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Official: Chances of a Zika outbreak in Arizona during monsoon season are low

Arizona is gearing up for its first monsoon season since the discovery of the Zika virus.

The standing water left behind by those summer rains is a great place for mosquitoes to breed. Jessica Rigler, chief for the bureau of epidemiology and disease control at the Arizona Department of Health Services, said mosquitoes like to lay eggs at the top of standing water.

“Those eggs can hatch, they form mosquitoes and some of those mosquitoes could spread disease,” Rigler said.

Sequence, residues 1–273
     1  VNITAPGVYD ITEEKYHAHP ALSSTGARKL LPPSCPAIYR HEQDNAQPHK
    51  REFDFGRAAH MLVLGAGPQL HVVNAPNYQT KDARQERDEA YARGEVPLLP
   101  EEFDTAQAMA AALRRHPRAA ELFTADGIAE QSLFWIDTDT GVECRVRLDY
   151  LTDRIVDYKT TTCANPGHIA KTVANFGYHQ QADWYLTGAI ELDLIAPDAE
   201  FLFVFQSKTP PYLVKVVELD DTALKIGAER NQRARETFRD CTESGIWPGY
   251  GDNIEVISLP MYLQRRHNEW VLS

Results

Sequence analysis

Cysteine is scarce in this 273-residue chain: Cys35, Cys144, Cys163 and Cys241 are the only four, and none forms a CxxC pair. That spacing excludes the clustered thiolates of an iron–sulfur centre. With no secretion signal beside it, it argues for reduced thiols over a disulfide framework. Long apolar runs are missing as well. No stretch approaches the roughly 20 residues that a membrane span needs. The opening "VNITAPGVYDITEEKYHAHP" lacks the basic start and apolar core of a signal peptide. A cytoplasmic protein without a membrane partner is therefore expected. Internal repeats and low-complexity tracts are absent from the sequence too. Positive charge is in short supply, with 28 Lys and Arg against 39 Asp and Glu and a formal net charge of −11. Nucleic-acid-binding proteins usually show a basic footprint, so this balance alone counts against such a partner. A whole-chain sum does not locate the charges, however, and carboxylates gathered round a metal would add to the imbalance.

Rigler said they are not concerned as of right now that those mosquitoes will carry Zika. While there have been four Zika cases in the state, none of them are currently active.

“In order for those mosquitoes to be able to spread Zika, they would have to bite someone who is infected with Zika and then spread that to another person,” Rigler said.

She said the department is always concerned about mosquito breeding because they can carry many different diseases, like West Nile Virus. She said the best thing you can do is prevent mosquito breeding around your household. If it rains and you have standing water in flower pots, dog bowls or bird baths, it’s important to empty out the water.

“Everybody has a role to play in Zika prevention and mosquito-borne disease prevention,” Rigler said. “Everyone can take care of that standing water on their property to make sure that their families and communities are not at-risk.”

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